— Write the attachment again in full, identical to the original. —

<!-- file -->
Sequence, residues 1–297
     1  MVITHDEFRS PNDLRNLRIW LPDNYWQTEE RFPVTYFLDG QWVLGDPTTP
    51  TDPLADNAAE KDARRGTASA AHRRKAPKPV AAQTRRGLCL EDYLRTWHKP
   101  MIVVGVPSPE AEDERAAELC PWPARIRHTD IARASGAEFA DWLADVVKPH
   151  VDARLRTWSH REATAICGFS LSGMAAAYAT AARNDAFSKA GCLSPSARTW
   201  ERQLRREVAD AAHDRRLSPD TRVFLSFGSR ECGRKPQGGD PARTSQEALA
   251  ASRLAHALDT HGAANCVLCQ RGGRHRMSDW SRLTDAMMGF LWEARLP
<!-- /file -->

Sequence, residues 1–297
     1  MVITHDEFRS PNDLRNLRIW LPDNYWQTEE RFPVTYFLDG QWVLGDPTTP
    51  TDPLADNAAE KDARRGTASA AHRRKAPKPV AAQTRRGLCL EDYLRTWHKP
   101  MIVVGVPSPE AEDERAAELC PWPARIRHTD IARASGAEFA DWLADVVKPH
   151  VDARLRTWSH REATAICGFS LSGMAAAYAT AARNDAFSKA GCLSPSARTW
   201  ERQLRREVAD AAHDRRLSPD TRVFLSFGSR ECGRKPQGGD PARTSQEALA
   251  ASRLAHALDT HGAANCVLCQ RGGRHRMSDW SRLTDAMMGF LWEARLP